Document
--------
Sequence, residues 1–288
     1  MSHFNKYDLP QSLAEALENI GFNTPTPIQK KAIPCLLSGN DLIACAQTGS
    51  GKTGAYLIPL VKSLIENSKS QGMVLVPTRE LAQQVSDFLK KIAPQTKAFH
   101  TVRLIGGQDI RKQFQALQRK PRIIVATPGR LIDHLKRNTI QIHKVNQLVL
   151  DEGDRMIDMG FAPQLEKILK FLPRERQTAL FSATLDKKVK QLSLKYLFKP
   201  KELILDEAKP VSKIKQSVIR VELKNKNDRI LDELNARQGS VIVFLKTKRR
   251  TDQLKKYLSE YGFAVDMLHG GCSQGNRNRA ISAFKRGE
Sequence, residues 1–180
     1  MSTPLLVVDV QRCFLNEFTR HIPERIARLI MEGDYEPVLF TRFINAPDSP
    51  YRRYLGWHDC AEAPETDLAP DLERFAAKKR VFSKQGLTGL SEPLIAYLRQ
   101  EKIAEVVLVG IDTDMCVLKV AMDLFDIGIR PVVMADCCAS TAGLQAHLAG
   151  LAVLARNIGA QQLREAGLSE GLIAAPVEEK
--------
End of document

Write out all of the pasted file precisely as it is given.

Sequence, residues 1–288
     1  MSHFNKYDLP QSLAEALENI GFNTPTPIQK KAIPCLLSGN DLIACAQTGS
    51  GKTGAYLIPL VKSLIENSKS QGMVLVPTRE LAQQVSDFLK KIAPQTKAFH
   101  TVRLIGGQDI RKQFQALQRK PRIIVATPGR LIDHLKRNTI QIHKVNQLVL
   151  DEGDRMIDMG FAPQLEKILK FLPRERQTAL FSATLDKKVK QLSLKYLFKP
   201  KELILDEAKP VSKIKQSVIR VELKNKNDRI LDELNARQGS VIVFLKTKRR
   251  TDQLKKYLSE YGFAVDMLHG GCSQGNRNRA ISAFKRGE
Sequence, residues 1–180
     1  MSTPLLVVDV QRCFLNEFTR HIPERIARLI MEGDYEPVLF TRFINAPDSP
    51  YRRYLGWHDC AEAPETDLAP DLERFAAKKR VFSKQGLTGL SEPLIAYLRQ
   101  EKIAEVVLVG IDTDMCVLKV AMDLFDIGIR PVVMADCCAS TAGLQAHLAG
   151  LAVLARNIGA QQLREAGLSE GLIAAPVEEK